Until then, as a measurement industry we will need to concentrate on enhancing its measurement capabilities – moving beyond tracking mention activity and brand sentiment, getting into more detailed aspects of social media data.  I personally believe and have been selling solutions that provide clients a perspective of what people are talking about – using text analytics solutions to derive meaning out of aggregated posts online, tracking things like purchase intent, or more specific topics relating to brand and product attributes.

Short of being able to track commercial activity, I think the standard needs to be about what consumers are actually talking about – getting to the meaning of the conversation, rather than a 50 000 foot view of online chatter.  Then ultimately, when social commerce takes hold, we can start providing concrete linkages between things like purchase intent with conversion, which is all business really cares about anyway.


Call for Speakers: AMA Toronto “Social Commerce” Event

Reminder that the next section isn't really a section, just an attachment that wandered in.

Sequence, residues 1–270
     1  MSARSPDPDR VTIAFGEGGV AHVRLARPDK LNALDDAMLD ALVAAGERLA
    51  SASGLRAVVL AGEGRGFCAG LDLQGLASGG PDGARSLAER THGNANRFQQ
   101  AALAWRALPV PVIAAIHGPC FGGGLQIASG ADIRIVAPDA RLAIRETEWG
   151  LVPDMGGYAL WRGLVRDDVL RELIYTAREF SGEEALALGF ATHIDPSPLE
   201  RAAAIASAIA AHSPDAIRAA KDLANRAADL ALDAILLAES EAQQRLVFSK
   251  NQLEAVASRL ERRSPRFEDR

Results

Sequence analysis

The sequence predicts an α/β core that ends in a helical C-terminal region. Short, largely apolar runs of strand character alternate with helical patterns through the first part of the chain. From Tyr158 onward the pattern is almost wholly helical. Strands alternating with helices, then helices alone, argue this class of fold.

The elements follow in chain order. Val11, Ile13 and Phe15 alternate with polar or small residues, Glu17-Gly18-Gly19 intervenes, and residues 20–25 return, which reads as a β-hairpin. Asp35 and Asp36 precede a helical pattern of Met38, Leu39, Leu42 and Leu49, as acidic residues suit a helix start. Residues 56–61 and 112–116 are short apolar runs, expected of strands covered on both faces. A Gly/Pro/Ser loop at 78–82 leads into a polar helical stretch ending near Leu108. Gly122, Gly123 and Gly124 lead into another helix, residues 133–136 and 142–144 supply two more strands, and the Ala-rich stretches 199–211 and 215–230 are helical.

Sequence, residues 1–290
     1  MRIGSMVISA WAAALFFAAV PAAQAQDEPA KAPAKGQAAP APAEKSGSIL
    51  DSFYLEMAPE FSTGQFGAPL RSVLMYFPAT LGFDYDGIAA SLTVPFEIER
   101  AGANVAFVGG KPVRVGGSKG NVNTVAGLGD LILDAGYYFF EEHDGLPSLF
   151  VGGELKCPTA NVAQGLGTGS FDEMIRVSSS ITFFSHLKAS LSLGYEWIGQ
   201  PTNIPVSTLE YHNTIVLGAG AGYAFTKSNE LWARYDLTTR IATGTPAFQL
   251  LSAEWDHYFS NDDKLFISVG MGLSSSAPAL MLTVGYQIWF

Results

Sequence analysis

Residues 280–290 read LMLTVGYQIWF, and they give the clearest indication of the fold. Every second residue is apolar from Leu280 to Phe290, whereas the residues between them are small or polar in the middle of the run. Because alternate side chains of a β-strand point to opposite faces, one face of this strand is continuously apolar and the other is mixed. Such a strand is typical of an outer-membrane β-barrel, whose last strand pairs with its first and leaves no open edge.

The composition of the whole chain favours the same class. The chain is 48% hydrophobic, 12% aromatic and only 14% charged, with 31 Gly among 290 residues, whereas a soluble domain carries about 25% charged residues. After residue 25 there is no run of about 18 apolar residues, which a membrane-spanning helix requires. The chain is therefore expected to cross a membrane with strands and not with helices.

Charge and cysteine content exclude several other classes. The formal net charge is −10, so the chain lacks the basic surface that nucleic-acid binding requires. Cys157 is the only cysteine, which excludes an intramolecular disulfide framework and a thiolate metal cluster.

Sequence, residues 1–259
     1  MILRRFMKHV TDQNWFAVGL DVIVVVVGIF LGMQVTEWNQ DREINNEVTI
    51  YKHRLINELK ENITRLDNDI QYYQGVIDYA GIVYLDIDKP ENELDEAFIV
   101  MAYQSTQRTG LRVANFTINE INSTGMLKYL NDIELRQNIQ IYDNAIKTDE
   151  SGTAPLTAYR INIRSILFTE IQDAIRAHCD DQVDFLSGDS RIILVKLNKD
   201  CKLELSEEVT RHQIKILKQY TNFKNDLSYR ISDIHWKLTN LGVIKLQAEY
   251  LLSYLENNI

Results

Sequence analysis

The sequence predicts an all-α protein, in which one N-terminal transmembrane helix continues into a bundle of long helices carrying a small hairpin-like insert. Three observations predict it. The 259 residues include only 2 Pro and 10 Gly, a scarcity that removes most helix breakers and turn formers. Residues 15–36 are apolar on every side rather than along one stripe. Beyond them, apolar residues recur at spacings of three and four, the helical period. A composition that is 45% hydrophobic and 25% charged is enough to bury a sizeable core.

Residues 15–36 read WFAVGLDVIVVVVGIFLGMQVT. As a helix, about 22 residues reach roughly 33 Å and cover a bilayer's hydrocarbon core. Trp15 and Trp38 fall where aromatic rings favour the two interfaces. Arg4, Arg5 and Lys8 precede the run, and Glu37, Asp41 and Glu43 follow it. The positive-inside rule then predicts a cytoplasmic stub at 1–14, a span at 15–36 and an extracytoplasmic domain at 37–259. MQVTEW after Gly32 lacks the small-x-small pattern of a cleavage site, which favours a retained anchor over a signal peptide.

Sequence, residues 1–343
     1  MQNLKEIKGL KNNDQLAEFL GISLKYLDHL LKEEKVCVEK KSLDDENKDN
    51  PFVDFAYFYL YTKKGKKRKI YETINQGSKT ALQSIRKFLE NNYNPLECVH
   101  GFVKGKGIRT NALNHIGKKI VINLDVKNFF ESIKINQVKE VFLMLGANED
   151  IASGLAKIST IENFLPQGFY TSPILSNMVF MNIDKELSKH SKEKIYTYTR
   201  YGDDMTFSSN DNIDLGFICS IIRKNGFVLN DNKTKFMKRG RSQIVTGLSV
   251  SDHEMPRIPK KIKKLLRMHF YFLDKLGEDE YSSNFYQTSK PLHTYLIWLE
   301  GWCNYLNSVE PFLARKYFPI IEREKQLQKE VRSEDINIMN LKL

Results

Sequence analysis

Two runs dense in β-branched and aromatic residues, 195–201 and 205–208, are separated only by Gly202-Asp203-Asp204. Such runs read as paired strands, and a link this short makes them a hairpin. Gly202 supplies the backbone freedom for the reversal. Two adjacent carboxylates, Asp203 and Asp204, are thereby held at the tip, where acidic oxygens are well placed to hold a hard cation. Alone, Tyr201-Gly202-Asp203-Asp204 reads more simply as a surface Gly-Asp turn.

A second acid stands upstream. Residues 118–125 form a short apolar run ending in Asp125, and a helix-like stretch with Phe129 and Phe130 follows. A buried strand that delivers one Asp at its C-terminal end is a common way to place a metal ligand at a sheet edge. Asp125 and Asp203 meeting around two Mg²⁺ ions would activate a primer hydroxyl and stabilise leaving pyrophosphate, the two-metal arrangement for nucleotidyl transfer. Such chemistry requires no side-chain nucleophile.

The American Marketing Association (Toronto chapter) social media group is planning an event in early December, and we are looking for speakers and sponsors. The subject:  Social Commerce.

What’s Social Commerce?  Think of it as social media meets e-commerce.  It’s still early days in social media, but there’s no question that clients need to find ways to link their social media efforts with a demonstrable return.  Group buying sites like Groupon, mobile apps like Foursquare / Facebook Places and other social shopping tools present a tremendous opportunity for brands to monetize their digital investments, and have generated some early and spectacular results.

Our last social media event held in the summer quickly sold out, attracting over 100 marketers from across the industry.  This event will represent another opportunity for you, or somebody you know to demonstrate some thought leadership about what we think will help propel social media into the stratosphere!

Please offer your recommendations, or contact directly if you are interested in participating.